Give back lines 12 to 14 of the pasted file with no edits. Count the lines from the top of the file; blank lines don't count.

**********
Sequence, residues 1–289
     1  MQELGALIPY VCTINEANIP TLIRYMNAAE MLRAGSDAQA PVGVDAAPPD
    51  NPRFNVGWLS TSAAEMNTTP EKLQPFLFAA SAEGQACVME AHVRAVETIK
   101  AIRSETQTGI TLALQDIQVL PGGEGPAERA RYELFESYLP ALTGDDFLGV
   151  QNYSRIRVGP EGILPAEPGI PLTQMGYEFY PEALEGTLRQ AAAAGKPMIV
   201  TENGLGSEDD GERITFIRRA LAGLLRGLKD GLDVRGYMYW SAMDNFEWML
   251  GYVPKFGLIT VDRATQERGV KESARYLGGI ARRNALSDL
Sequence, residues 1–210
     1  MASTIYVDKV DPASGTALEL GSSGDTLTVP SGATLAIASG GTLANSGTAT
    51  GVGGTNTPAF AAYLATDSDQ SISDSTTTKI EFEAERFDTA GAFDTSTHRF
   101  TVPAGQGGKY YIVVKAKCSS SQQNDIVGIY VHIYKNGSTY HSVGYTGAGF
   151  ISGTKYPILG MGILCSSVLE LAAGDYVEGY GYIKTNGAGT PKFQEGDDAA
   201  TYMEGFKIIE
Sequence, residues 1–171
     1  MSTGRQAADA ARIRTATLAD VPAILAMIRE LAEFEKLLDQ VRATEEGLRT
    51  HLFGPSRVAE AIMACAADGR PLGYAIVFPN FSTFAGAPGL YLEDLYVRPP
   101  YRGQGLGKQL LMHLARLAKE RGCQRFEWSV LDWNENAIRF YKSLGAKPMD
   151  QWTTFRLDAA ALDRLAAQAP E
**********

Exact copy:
   151  ISGTKYPILG MGILCSSVLE LAAGDYVEGY GYIKTNGAGT PKFQEGDDAA
   201  TYMEGFKIIE
Sequence, residues 1–171